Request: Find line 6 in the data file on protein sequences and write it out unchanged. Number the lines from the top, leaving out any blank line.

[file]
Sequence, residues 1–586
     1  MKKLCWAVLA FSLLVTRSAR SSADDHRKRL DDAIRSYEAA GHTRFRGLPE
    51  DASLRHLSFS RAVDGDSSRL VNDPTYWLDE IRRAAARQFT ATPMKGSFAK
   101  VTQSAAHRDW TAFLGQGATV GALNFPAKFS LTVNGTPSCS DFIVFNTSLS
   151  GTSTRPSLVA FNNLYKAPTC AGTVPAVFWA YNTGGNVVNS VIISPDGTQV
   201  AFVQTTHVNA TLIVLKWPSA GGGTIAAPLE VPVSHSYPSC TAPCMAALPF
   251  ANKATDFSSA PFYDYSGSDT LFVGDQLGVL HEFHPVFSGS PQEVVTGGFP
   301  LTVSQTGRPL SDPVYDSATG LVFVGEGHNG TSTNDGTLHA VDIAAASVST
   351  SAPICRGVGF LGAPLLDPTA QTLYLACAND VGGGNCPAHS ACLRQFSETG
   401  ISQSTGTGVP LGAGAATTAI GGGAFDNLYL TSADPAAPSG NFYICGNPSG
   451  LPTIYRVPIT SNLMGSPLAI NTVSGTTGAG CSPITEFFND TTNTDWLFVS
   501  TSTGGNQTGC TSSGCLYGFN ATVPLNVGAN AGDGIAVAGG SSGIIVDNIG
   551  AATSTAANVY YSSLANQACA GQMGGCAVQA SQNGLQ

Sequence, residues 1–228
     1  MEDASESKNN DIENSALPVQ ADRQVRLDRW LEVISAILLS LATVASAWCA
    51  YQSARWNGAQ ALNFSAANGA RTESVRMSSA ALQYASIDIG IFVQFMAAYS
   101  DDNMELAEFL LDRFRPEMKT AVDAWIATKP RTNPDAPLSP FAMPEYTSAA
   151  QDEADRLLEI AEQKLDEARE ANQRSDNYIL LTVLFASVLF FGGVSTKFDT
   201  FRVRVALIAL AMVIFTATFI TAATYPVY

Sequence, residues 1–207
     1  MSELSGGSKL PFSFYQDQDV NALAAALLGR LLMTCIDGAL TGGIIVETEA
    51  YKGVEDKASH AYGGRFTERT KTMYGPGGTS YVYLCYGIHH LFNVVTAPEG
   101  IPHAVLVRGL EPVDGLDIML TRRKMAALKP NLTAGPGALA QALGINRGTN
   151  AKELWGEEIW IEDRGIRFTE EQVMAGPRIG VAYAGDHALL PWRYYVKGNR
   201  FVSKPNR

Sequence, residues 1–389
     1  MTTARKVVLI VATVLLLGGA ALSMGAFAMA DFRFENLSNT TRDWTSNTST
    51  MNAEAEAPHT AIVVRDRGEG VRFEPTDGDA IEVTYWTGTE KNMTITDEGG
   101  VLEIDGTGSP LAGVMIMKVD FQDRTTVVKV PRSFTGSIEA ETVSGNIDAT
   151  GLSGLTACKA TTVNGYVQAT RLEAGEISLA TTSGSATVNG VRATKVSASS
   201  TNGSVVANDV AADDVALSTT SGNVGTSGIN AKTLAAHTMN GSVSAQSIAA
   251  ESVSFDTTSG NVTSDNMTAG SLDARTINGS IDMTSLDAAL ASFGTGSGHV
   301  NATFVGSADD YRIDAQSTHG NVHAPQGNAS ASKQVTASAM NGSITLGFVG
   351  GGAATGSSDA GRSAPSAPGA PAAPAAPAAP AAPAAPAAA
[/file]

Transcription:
   201  AFVQTTHVNA TLIVLKWPSA GGGTIAAPLE VPVSHSYPSC TAPCMAALPF